Woman in the street cafe, named Bai Yan
Oil on canvas        91 cm X 60 cm


Joan Kelly


Joan Marie Kelly has been living and teaching in Asia since 2005 as a Senior Lecturer at Nanyang Technological University in Singapore.  She has pursued a career in painting and ceramics yet Asia inspired her to develop a social art practice. The act of painting became an encounter with marginalized communities. She has conducted social art workshops in neighbourhoods of Kolkata, Shenzhen and Singapore, empowering people through creativity. Kelly majored in painting but is just as comfortable with sculpting in clay using various firing techniques from wood fire to Ruku. She participated in wood firings in Japan and the USA. Her recent solo exhibitions were held in New Delhi India, Blue Mountain Gallery New York City and Smith College USA. Recent Biennaleís include, Beijing Izmir Turkey, Korea, and Casablanca. A 2012 publication of her work "Zones of Contact: The Public Art of Joan Marie Kelly" includes an essay by New York Art critic David Cohen.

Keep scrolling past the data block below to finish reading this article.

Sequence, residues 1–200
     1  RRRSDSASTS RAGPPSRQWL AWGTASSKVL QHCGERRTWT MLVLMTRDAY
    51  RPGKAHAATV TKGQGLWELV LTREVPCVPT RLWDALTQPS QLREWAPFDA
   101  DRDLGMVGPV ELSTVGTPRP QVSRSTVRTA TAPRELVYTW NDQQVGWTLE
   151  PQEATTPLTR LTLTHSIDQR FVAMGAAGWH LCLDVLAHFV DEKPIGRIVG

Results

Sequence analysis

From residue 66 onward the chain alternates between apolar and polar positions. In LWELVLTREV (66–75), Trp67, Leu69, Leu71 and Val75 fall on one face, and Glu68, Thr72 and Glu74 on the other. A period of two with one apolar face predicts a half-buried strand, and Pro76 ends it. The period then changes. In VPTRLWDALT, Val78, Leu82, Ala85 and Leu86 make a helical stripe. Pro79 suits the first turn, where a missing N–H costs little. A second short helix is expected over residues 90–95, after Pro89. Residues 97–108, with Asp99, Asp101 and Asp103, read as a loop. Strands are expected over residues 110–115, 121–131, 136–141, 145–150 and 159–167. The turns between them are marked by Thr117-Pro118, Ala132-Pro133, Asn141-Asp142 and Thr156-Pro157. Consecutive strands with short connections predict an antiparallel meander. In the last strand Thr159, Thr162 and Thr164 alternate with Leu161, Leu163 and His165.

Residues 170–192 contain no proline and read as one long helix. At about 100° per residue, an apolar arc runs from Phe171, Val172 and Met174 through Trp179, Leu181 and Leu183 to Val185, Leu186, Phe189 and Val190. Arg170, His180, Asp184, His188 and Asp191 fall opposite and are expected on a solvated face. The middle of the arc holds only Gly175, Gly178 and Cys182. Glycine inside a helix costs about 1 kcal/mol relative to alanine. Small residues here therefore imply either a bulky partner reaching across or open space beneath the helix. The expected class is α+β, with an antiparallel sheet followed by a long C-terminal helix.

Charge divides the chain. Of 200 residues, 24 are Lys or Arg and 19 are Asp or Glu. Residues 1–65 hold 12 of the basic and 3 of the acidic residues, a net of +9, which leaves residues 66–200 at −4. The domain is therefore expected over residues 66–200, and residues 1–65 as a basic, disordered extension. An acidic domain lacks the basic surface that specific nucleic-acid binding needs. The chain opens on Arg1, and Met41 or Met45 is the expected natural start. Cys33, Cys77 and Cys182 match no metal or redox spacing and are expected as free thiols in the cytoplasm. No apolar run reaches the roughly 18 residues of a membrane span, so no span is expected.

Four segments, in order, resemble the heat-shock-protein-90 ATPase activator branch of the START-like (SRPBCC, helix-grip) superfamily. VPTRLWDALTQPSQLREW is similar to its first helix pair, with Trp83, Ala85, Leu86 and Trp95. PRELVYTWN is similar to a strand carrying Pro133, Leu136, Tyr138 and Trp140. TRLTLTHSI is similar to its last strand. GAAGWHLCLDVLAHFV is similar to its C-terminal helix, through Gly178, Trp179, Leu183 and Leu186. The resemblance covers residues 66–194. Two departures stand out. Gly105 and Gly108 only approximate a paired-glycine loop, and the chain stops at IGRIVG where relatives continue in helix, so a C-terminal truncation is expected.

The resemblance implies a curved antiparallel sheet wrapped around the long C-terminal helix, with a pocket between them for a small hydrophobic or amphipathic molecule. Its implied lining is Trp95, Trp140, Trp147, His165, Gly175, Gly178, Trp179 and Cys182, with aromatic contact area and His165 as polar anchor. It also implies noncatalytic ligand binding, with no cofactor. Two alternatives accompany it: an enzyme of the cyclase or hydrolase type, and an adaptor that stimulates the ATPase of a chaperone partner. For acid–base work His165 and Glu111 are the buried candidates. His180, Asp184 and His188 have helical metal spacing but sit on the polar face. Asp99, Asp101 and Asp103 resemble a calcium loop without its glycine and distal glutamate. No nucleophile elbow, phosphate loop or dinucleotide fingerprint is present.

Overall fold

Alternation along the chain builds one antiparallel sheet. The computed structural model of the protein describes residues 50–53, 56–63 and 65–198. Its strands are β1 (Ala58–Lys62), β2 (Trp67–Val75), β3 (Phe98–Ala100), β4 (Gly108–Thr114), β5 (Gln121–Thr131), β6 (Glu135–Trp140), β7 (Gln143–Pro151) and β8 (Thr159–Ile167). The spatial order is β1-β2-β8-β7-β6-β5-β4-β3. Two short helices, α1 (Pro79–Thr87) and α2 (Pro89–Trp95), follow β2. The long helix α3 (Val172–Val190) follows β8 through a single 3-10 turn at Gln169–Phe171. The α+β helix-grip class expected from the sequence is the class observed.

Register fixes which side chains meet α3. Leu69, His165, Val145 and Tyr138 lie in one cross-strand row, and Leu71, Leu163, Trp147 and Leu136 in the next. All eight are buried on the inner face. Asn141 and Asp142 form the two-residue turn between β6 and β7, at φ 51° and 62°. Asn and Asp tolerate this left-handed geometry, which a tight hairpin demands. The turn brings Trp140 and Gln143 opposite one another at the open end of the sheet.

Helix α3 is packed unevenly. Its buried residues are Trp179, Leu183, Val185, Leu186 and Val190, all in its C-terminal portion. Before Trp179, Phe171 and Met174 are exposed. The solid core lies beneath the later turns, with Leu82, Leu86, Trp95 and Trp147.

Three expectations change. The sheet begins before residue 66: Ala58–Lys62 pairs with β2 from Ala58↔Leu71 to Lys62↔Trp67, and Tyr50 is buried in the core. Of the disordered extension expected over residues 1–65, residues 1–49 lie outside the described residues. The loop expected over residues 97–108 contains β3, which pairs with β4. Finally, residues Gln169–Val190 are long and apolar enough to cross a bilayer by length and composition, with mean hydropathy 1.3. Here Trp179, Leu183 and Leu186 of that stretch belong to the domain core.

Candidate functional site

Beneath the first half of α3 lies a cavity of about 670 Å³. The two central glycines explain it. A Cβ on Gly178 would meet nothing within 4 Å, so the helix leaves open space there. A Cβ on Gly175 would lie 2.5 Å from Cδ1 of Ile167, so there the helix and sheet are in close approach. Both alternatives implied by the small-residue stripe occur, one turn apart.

Artists Statement:
I refer to myself as an Urban Ecologist, one who investigates the ecosystem of the city initiating artistic connections with migrant and marginalized communities. My aim is to empower communities with the experience of creation. I try to reinvigorate concepts of figure painting and drawing by collaborating with ethnographic practices.  Most recently my focus has been on initiating participatory drawing workshops in minority communities of oral language speakers. Iím working with several linguists and the community of oral speakers. The linguists have learned the oral language and worked with the community for the past decade writing the new text for the oral language. While doing this they have documented the local folktales and traditions. I am leading a group of artists to create the first illustrated children's books in the new text of these unknown folktales. The communities of oral speakers we are currently making the books for are the Syuba community in Nepal, Abui community in Alor Indonesia, and the Ao community in Nagaland in North East India.